When I was five years old I first became aware of the social impact of money and the unequal income distribution in South Africa. The custom in my pre-primary school was that lunch sandwiches were provided on a rotational basis for the class. We all had a turn to fill up the large Tupperware holder with sandwiches for the class.
The kids from affluent families brought polony with tomato sauce sandwiches. In those days polony was expensive and only for the rich. The middle-income group could only enjoy it on high days and holidays. Peanut butter with jam sandwiches were also a luxury but more affordable than polony. The kids from the middle-income group usually brought peanut butter with jam sandwiches for the class. The plain jam sandwiches were from the poor kids.
The sandwiches became a status symbol. On the days when we got polony sandwiches everyone played with the rich kid even though he was rude to others. Sometimes when we got jam sandwiches, the kid who was responsible for the sandwiches was absent (her mother only came to drop off the sandwiches). With the sandwiches feelings of shame, jealousy or pride were (unconsciously) served. Instead of just viewing the sandwich as a means to feed our hunger, it started to distort how we viewed others and ourselves.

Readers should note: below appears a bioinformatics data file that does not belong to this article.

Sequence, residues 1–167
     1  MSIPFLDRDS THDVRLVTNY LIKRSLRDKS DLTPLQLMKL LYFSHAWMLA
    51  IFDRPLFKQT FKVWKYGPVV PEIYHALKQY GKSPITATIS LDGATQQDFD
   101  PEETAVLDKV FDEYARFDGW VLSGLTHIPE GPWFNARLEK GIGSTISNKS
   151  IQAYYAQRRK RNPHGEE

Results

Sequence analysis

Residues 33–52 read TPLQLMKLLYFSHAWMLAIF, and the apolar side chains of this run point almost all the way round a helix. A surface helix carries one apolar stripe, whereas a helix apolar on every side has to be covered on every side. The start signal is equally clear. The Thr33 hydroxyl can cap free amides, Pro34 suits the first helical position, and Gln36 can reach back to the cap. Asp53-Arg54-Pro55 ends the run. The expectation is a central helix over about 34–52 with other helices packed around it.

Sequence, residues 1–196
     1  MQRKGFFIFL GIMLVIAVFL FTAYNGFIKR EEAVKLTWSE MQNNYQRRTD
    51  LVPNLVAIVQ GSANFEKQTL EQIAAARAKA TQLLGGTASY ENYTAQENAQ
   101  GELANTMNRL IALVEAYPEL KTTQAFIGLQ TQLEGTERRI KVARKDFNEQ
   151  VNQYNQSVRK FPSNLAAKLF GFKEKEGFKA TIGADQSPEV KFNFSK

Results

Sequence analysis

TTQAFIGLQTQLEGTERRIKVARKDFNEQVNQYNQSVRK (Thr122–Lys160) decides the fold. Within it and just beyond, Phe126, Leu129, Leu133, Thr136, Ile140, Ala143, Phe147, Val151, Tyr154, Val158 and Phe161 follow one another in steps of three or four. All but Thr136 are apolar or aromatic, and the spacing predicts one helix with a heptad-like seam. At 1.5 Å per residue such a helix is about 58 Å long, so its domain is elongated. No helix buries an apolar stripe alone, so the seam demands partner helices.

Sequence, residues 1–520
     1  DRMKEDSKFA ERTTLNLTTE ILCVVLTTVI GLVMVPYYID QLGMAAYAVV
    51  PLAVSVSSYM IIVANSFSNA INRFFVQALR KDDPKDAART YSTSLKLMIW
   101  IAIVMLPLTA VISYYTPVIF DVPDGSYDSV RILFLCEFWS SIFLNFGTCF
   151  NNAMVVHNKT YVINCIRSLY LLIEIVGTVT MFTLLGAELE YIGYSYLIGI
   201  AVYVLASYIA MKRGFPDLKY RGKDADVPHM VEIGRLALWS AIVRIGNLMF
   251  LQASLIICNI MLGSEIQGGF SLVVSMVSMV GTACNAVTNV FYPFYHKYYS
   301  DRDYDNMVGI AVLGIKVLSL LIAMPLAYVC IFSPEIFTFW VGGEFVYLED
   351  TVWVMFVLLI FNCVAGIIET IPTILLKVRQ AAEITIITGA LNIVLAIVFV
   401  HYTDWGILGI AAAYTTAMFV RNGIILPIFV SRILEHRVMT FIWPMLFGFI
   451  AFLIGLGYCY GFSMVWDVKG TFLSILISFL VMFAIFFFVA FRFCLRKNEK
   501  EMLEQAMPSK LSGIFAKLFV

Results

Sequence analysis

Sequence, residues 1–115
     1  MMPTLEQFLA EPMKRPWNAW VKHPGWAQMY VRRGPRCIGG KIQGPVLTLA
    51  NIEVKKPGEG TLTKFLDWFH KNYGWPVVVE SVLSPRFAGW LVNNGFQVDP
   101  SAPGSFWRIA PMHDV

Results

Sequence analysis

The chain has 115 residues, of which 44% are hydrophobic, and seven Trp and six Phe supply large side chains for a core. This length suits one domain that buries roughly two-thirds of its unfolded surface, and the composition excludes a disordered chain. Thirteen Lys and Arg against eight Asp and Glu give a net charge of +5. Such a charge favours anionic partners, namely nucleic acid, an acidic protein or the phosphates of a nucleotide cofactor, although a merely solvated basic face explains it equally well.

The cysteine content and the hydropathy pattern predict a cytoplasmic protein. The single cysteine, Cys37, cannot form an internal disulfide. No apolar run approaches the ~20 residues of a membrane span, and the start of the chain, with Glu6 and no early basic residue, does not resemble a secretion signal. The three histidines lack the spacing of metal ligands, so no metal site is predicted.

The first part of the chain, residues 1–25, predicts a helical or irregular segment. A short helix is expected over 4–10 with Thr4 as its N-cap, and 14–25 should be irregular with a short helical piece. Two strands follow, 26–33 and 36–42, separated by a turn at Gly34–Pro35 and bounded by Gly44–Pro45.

At five years old, I knew that my family was not rich because I did not bring polony sandwiches to school. I remember thinking how unfair it was that some kids were admired and others bullied based on the type of sandwich they brought to class. Now that I’m nearly 35 it seems as if the playground has not changed much. The sandwiches are just replaced with other items such as cars, houses, clothes, the area you live in, etc. We still (sometimes more consciously than other times) judge others and ourselves based on the ‘sandwiches of life’.
Learning: It is just a sandwich don’t let it define who you are. You are so much more than a sandwich.
Healing question: How do I allow the sandwiches of life to define me?